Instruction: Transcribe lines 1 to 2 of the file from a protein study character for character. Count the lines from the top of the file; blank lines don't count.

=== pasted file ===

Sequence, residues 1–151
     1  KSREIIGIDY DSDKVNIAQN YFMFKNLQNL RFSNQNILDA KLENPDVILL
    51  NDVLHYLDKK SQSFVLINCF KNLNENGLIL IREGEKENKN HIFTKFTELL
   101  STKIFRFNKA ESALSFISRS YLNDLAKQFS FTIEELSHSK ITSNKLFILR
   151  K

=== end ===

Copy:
Sequence, residues 1–151
     1  KSREIIGIDY DSDKVNIAQN YFMFKNLQNL RFSNQNILDA KLENPDVILL